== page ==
Now is probably as good a time as any to confess that I have a pretty serious issue with raisins. Like, I have a hard time even just calling them “raisins” and not the-evil-scourge-raisins, which is what I believe them to truly be. Still, it’s okay with me if you like them. More for you!
Anyway, this whole raisin issue kept me from trying a number of foods for a long time. Scones were one of these casualties. But another one was carrot cake.
Carrot cake is especially dangerous to raisin-haters since some genius introduced golden raisins, which should pretty much be labeled “now even harder to pick out!” Not fair, I say.
Then, one fine day, I came across this recipe, from a fellow raisin-hater, and I knew that fantastic carrot cake would be mine, any time I wanted it. Bliss.
Adapted from Food on the Food
1 1/2 c. canola oil
2 1/2 c. sugar
4 eggs, separated
5 T. water
2 1/2 c. flour
1 1/2 t. baking powder
1/2 t. baking soda
1 t. nutmeg
1 t. cinnamon
1/2 t. cloves
1 c. pecans
1 stick (1/4 lb) butter, softened
8 oz cream cheese (low fat is okay, but don’t use fat-free here)
1/2-3/4 lb. confectioner’s sugar
Preheat oven to 350 F. Grease a 9×13 inch pan.
Chop the ends off the carrots. Wash or peel them, then grate. The easy way to do this involves a food processor. The hard way involves, you know, a grater. Either way, look out for fingers! You want to end up with about 1 1/2 cups of grated carrot.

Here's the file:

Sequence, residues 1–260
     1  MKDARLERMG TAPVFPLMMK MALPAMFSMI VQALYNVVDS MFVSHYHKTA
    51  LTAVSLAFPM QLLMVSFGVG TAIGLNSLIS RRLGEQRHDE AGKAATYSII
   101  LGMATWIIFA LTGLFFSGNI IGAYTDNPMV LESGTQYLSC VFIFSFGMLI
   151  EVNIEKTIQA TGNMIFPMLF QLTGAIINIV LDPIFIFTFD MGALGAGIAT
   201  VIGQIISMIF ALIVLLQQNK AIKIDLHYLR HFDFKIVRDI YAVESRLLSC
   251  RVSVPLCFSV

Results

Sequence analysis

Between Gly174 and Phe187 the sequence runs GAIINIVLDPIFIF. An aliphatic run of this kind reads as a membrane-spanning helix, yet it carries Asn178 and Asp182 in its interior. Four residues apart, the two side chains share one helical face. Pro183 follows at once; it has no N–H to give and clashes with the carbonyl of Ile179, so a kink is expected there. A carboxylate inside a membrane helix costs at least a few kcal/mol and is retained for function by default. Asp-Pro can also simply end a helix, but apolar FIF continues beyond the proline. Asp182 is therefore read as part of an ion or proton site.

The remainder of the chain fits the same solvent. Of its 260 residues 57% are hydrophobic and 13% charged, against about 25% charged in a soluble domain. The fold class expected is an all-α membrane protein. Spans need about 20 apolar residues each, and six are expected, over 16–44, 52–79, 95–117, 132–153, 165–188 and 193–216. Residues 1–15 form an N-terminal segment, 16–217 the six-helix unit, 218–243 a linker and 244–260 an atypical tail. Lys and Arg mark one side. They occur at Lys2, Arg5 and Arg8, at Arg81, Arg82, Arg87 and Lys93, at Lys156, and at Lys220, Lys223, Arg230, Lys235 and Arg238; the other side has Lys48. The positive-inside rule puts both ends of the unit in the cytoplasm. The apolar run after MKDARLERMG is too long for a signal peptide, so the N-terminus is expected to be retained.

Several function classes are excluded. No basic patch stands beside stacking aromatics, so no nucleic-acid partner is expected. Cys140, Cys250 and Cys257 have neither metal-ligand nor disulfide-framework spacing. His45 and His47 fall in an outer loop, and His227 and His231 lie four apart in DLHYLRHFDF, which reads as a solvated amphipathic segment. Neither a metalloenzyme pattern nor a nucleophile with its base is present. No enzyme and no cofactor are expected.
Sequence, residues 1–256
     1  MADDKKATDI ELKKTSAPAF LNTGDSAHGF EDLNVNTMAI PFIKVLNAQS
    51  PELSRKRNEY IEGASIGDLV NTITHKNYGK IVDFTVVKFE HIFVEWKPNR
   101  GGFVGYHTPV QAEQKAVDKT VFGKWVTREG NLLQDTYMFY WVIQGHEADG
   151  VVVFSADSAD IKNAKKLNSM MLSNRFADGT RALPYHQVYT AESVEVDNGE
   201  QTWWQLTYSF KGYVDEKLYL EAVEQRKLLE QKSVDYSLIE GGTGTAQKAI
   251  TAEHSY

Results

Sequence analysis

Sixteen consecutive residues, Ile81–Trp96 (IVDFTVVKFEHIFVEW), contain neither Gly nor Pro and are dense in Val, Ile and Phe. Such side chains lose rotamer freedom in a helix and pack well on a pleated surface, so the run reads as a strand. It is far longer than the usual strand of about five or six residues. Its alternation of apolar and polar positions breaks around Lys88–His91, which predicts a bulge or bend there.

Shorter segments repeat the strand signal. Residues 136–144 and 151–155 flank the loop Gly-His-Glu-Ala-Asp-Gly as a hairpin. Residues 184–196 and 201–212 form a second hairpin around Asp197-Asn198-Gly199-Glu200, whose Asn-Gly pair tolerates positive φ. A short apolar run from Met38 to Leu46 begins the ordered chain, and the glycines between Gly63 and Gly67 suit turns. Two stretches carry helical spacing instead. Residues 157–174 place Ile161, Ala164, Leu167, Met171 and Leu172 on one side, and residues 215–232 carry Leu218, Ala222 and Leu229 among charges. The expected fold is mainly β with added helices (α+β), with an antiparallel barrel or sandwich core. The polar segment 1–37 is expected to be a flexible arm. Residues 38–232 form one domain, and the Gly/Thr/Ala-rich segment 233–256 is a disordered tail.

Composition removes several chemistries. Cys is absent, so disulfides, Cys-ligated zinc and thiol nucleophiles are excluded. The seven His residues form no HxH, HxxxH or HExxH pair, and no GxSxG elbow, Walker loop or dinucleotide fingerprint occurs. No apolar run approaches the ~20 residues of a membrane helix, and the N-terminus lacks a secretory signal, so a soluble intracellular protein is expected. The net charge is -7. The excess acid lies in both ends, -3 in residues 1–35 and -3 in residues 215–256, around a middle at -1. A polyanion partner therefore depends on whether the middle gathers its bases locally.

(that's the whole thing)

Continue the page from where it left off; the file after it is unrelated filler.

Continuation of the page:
In a big bowl, mix the oil and sugar. Beat in the 4 egg yolks, then add the water.
Add the flour, baking powder, baking soda, salt, and spices. (If you have lumps in your stuff, you might want to do this through a strainer, but I’m generally not bothered.) Stir in carrots and nuts. Batter will be very thick.
In another bowl, beat the egg whites with an electric mixer until stiff peaks form. Stir about a quarter of the egg whites directly into the batter to lighten it up, then gently fold the rest of the egg whites into the batter. A rubber or silicone spatula is your friend here.
Pour the batter into the pan and bake 50-60 minutes, or until a toothpick inserted into the center comes out pretty cleanly. (Crumbs yes; batter no.) Let cool.
To make frosting, whip together butter and cream cheese with an electric mixer. Add 1/2 lb. confectioner’s sugar and mix until it’s as lump-free as you require. (If you are really strong on the lumplessness, you might want to put the sugar through a sifter.) I found this plenty sweet, but if you like it sweeter, go ahead and add more sugar.
Frost the cake when cool. I like to do this right in the pan, but if you have a platter that will hold the whole cake, go for it. Alternately, you can bake the cake in two eight- or nine-inch round pans, in which case you’ll want to double the frosting so you have enough for a layer cake.